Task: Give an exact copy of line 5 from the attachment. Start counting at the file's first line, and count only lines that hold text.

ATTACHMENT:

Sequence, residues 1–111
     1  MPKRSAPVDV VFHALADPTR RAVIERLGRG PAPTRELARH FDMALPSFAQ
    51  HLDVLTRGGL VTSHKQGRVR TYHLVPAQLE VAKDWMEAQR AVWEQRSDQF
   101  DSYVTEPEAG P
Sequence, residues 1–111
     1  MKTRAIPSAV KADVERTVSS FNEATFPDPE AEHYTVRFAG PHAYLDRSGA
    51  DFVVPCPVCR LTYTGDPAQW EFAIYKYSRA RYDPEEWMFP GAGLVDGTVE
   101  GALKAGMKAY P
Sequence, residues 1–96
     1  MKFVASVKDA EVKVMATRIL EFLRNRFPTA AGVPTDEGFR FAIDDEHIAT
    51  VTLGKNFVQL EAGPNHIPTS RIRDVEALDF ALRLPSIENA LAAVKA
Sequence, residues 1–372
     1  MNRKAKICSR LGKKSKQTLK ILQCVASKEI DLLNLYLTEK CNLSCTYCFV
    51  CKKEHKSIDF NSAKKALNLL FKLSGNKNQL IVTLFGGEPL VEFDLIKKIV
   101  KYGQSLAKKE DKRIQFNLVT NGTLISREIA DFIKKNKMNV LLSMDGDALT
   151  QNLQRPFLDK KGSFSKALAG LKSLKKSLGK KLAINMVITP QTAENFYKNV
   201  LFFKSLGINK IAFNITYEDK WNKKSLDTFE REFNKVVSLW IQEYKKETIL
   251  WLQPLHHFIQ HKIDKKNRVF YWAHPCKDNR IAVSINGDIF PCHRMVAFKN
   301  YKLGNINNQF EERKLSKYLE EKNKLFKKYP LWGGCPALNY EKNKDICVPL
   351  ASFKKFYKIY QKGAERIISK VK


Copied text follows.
Sequence, residues 1–111